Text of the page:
Wind turbine developers promote wind energy for financial benefit for communities when they are built on municipally-owned properties as in Falmouth, Kingston, Scituate and Fairhaven. In return, towns relax their bylaw restrictions to permit loud industrial-type noise sources on municipal land often near quiet residential areas. Town planners approve wind turbine development without performing proper reviews as required in the bylaws. Towns understand they can build a municipal project in any land use zone. However, these projects still need to comply with the zoning bylaws.

Zoning bylaws are enacted to control community development to minimize conflicts between abutting land uses. Industrial and commercial development often produces more traffic, noise, smoke, odors, etc. than residential use. Industrial and commercial facilities are limited to districts with large lots and setback distances. Residential district restrictions protect neighbors’ expectations for peace, tranquility and protection of public health and wellbeing.

Bylaws are implemented to provide guidance to town officials and regulatory boards. Public officials are required to perform their duties in a consistent manner. Boards review new developments for appropriate economics, engineering and environmental impacts. Decisions can become emotional when there are disputed considerations for public good versus public harm. Boards are required to enforce their bylaws and should not alter rules, grant waivers or create amendments to benefit a project under consideration.

Too many towns have adopted changes to encourage wind turbine development, changes which were later proven detrimental to public health, safety and wellbeing. Large wind turbines produce loud noise levels that travel thousands of feet and could not comply with existing town bylaw noise limits.

11 Comments leave one →
  1. March 3, 2015 1:34 pm

    I live near an Enel Green Power ( A subsideary of an Italian company) farm and suffer continuously from noise changing from constant loud viderations and tumling like noise. The nearst turbine was errected less than a mile from my home in 2008. It was bult by Texas Wind Power and sold and resold to Enel. They boast its the tallest in the US. I have complained and at first the local manager sought to help but was quickly told to turn it over to a supervisor. After denying problems I sent photos of Wind turins with darken turbine fans insisting the noise was louder and louder. Ive left messages with the main us office and extentions were changed so that I could not leave further messages. They have passed me on to their legal personel and now I can only leave voicemail for her (Megan) who will not return calls. I am now ready to take the next step in dealing with this problem. the sounds change in rection to wind and temprature and direction as well as a buzzing sound when thier breaks are on. Someone would have to spernd days and nights inside my house to fully understand.

  2. Larry Deal permalink
    January 20, 2014 8:09 pm

    Excerpts from the article:

    “In 1974, the USEPA published a methodology that can predict the community reaction to a new noise.”

    The authors are referring to the EPA Office of noise Abatement and Control (ONAC) that conducted that research under the authority of the Noise Control Act of 1972. I’m glad they are making use of that research in analyzing Wind Turbine noise pollution. Unfortunately, Congress cut the funding of the ONAC in 1982 mostly ending the federal government’s research in noise pollution. Had the ONAC been allowed to continue it’s good work we might have had proper noise pollution regulations to effectively deal with Wind Turbines.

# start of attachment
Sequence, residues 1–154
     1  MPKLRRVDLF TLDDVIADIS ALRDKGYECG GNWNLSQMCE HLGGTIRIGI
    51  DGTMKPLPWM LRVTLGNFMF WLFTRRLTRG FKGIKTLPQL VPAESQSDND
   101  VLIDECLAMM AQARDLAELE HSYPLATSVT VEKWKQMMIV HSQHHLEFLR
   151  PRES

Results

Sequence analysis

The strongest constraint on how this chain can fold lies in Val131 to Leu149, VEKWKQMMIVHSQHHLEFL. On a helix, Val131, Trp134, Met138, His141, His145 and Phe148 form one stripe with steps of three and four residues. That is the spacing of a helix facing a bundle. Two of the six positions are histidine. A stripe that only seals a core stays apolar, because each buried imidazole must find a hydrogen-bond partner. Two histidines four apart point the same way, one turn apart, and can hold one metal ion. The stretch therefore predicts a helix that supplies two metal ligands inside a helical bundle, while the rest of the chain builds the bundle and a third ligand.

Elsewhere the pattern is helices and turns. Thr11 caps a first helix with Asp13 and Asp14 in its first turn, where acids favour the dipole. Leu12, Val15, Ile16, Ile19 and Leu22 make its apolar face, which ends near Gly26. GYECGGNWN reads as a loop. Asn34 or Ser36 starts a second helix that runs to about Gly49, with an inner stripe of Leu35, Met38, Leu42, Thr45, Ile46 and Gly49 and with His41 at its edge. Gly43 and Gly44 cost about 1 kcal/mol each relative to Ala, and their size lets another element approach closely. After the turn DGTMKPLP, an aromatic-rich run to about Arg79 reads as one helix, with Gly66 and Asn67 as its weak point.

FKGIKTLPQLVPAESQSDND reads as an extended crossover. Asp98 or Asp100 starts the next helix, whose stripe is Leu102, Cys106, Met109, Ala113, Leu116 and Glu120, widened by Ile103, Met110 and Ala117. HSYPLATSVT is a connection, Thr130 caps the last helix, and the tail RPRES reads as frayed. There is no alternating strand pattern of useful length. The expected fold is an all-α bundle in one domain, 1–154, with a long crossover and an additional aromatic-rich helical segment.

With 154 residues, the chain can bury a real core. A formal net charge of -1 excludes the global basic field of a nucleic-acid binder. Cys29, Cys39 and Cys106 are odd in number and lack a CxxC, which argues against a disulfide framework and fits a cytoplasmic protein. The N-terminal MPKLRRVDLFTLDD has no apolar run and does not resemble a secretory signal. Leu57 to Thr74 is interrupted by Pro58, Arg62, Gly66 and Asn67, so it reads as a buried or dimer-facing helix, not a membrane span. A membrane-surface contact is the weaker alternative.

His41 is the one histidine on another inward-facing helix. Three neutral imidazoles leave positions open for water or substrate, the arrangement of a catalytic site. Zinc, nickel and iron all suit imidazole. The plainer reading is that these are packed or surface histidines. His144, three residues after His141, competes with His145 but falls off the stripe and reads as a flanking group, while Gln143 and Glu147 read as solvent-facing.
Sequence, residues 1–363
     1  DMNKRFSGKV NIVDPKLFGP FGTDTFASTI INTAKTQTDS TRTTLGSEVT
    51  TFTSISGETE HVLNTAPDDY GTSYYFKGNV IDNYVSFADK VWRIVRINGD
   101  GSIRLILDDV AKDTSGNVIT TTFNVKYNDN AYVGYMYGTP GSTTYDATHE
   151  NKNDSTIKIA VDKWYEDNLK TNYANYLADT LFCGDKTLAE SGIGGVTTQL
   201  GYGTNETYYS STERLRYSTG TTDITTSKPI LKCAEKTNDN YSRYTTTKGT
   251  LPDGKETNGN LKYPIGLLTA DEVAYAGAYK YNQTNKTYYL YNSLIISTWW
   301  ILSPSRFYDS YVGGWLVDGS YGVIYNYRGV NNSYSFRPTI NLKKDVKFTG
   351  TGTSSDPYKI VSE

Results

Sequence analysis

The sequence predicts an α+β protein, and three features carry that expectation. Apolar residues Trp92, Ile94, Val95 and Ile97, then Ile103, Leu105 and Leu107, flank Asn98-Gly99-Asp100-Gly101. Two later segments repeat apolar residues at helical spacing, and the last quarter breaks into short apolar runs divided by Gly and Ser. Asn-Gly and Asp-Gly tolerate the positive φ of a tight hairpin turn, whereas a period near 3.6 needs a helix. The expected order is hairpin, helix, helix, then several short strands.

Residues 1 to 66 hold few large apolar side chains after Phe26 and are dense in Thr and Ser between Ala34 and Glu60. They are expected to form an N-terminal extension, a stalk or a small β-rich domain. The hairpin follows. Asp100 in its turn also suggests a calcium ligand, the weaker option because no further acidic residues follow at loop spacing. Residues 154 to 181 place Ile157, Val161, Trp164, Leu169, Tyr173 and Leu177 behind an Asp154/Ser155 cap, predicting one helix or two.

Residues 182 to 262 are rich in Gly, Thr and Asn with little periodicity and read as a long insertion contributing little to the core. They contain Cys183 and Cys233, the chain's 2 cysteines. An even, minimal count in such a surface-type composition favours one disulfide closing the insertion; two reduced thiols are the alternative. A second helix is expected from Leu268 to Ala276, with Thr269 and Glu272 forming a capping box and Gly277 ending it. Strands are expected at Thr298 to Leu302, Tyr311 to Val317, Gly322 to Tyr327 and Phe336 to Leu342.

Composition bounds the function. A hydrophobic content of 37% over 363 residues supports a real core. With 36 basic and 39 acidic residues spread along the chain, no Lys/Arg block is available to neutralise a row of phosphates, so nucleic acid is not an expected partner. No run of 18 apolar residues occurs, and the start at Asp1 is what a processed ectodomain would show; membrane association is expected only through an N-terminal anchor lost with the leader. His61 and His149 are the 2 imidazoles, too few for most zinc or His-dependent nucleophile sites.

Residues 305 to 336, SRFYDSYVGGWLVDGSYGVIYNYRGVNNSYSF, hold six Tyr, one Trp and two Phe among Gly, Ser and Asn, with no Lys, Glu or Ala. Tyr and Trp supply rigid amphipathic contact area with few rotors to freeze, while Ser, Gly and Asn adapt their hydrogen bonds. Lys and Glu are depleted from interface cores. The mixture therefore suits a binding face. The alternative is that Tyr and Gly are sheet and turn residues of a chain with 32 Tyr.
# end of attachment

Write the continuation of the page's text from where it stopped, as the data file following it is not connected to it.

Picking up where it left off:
“Wind turbines are the cause for numerous complaints about excessive noise and adverse health effects. These complaints will continue to be a public health hazard as long as modern acoustic instruments are used without a person listening to identify the sound sources or by manipulating computer prediction models to provide acceptable results. Wind turbine predictions are based on meeting a specific noise level. Regulatory boards and agencies are not assessing noise levels consistent with how people hear.”

    “Sleep interruption and disturbance indicates the real potential for causing significant public harm from nearby wind turbines.”

    Yes, noise pollution has long been recognized by thoughtful entities as a public health hazard. And is is true that regulatory boards and agencies are not assessing noise levels consistent with how people hear or react to noise. The over reliance and improper use of A-weighted decibel meter based noise pollution assessment is an example of that fact.

    “Wind turbine developers promote wind energy for financial benefit for communities when they are built on municipally-owned properties as in Falmouth, Kingston, Scituate and Fairhaven. In return, towns relax their bylaw restrictions to permit loud industrial-type noise sources on municipal land often near quiet residential areas. Town planners approve wind turbine development without performing proper reviews as required in the bylaws.”

    “Too many towns have adopted changes to encourage wind turbine development, changes which were later proven detrimental to public health, safety and well-being. Large wind turbines produce loud noise levels that travel thousands of feet and could not comply with existing town bylaw noise limits.”

    Yes, too many local town planners and governing officials turn a blind eye, and ear, to noise polluters and let them pollute away in the name of “economic development”. What are we to do?

  3. January 4, 2014 2:37 pm

    Until this issue is taken to a proper court, not a government influenced tribunal, there will be no resolution. The wind industry lies, and the government backs them up! We need to do what they have recently done in Germany. Take it all the way to the Supreme court, and kick their butts! A 3dB penalty has been applied to Enercon Wind Turbines, the type they want to inflict upon West Lincoln…That means far greater setbacks. This was due to cyclical noise. There are many other issues we could be raising, as well. They are constantly breaking all of the rules and regulations!

Trackbacks

  1. Getting Away with Murder: How the Wind Industry Rigged Noise Rules Around the World – STOP THESE THINGS
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  5. Wind Turbine Noise–Complaints Easy to Understand | Wind Wise ~ Massachusetts